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Almost-Primal Orthodox Christian Lenten Eating and Cooking

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  • Here's a good recipe to bring to a special Lenten event where refreshments are served. I found this recipe here:
    Chocolate Coconut Clusters - Wellness Mama

    CHOCOLATE COCONUT CLUSTERS
    Ingredients:

    1 (5 oz) bag Flaked or shredded coconut- unsweetened
    2/3 cup melted coconut oil + 1 TBSP
    1/2 cup almond butter
    1 tsp vanilla
    1 cup dark chocolate or semi-sweet chocolate chips

    How to Make Chocolate Coconut Clusters:

    1. In medium bowl, mix coconut flakes, 2/3 cup melted coconut oil, vanilla, and almond butter until well mixed.
    2. Using hands, form into 1 inch balls and put on a plate.
    3. Put the plate in the freezer until the clusters harden completely.
    4. Once the clusters have hardened, melt the chocolate in a double boiler with 1 TBSP coconut oil until smooth.
    5. Dip the clusters into the chocolate and put back on a plate or in a small baking dish
    6. Put them into refrigerator and eat once they get cold.
    7. Enjoy the awesome mixture of crunchy chocolate shell and chewy coconut center!
    Ruth

    See my journal, The Balancing Act: Integrating Primal into My Life, for menu plans, musings, and more.

    Comment


    • I figure it would be good to post some fish recipes before the Advent Fast starts in November. Depending on your particular kind of Orthodoxy - Russian, Greek, Antiochian, Serbian, etc... and your own parish priest, you may be having more fish/wine/oil days - at least during the beginning of the Advent Fast.

      Here is a fish recipe, that can be thrown together quickly - for example, when you come home from a Vesperal Liturgy and everyone is hungry:

      TUNA STIR FRY
      16 oz. bag of frozen stir-fry vegetables
      1 to 2 tablespoons oil of choice: Sesame, olive, and/or coconut*
      1 or 2 5-oz. cans tuna, drained OR 1 pouch (6 to 7 oz. size) tuna
      Juice of 1/2 lemon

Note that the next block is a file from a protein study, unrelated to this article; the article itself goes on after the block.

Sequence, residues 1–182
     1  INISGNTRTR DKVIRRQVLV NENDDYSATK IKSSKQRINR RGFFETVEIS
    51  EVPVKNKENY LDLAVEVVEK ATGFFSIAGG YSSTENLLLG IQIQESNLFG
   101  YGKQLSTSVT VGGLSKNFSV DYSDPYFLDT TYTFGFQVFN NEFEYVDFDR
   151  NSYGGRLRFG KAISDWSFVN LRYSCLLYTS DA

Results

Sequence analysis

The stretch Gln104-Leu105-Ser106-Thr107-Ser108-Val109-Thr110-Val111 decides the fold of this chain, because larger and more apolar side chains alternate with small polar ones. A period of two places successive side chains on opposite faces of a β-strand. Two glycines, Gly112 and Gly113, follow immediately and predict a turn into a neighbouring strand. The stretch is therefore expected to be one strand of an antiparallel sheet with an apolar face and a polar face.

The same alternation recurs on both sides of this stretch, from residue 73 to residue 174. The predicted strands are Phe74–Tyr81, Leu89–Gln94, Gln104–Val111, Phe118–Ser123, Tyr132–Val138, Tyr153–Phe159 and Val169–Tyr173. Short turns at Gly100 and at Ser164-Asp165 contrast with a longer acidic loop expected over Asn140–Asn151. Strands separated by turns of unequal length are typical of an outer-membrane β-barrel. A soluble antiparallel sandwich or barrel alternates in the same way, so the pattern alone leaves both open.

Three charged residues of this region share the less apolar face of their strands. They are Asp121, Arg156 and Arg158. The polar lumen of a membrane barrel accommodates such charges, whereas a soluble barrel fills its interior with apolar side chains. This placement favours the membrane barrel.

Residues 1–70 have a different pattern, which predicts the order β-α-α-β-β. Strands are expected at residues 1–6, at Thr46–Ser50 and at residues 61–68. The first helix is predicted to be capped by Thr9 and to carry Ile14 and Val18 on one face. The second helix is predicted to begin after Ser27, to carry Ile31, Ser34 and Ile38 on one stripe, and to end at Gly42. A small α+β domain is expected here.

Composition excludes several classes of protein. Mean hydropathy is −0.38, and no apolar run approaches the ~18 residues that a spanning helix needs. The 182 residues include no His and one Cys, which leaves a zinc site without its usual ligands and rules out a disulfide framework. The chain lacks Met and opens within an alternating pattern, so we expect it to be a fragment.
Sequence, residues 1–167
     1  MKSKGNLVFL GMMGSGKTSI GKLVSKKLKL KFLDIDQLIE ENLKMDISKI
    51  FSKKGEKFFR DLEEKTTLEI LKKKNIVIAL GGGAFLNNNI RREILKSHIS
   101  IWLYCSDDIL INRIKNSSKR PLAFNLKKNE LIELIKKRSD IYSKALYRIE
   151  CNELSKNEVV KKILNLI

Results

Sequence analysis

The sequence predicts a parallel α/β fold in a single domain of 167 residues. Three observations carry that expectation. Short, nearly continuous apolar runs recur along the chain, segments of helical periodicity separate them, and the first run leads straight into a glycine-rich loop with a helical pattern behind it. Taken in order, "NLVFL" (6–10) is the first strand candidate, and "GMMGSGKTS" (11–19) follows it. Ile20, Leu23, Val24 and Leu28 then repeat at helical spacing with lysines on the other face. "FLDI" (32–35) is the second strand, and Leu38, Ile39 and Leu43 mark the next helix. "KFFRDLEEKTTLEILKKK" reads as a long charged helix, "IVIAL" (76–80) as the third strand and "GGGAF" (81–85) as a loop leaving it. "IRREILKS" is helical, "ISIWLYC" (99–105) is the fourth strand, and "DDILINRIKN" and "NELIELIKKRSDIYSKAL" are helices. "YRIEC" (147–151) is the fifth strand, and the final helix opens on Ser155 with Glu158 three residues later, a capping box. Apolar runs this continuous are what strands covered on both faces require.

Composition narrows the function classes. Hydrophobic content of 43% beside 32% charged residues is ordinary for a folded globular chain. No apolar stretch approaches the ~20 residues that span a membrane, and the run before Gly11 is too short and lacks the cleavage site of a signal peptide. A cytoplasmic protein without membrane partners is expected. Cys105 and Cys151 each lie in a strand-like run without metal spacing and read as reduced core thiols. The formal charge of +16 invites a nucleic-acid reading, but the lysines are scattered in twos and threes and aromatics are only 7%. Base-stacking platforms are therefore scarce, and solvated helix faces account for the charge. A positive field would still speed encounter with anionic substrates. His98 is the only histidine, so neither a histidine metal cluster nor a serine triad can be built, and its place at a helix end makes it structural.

Splash of soy sauce or terriyaki sauce (optional)
      Season to taste with salt and pepper (optional)
      Rice or cauliflower rice

      Stir fry the bag of vegetables in oil until just done or almost done to your liking. Add the tuna, and lemon juice. Continue to stir and cook until everything is hot. Taste - adjust seasoning, add a splash of soy sauce or terriyaki sauce if you like. Serve over rice or cauliflower rice.

      *Note:On fish days, oil (and wine) are always allowed.
      Ruth

      See my journal, The Balancing Act: Integrating Primal into My Life, for menu plans, musings, and more.

      Comment


      • Antiochia, while shopping today, I noticed "grapeseed oil," and wondered if you'd tried it. I never have, but it looks nice and green. :-)

        We made this for supper last evening and it was awesome. I can't remember how I stumbled across the video.

        Easy Going Primal Episode Two - YouTube

        Comment


        • Originally posted by Tim50 View Post
          Antiochia, while shopping today, I noticed "grapeseed oil," and wondered if you'd tried it. I never have, but it looks nice and green. :-)
          Hey Tim, grapeseed oil is actually not a great choice. Healthy Oils | Mark's Daily Apple
          Depression Lies

          Comment


          • Hi again -- I've been out of town visiting our DD, so haven't posted in a while. The only oils that I heat during Lent are Coconut Oil, and if I want an Asian taste, the Toasted Sesame Oil (which may not be a great idea, since it is a seed oil, but I figure once in a while won't hurt. I see from the post that NW referenced, that Mark suggests adding the Toasted Sesame oil for flavor AFTER the dish is cooked. I never thought of that!) I use the high oleic cold pressed sunflower and safflower oils in non-cooked recipes like salads. (And of course, Saturdays, Sundays, and Feast Days during a Lenten time I use olive oil.) I don't cook with grapeseed oil, BUT it makes a great moisturizer to rub on your skin after a shower!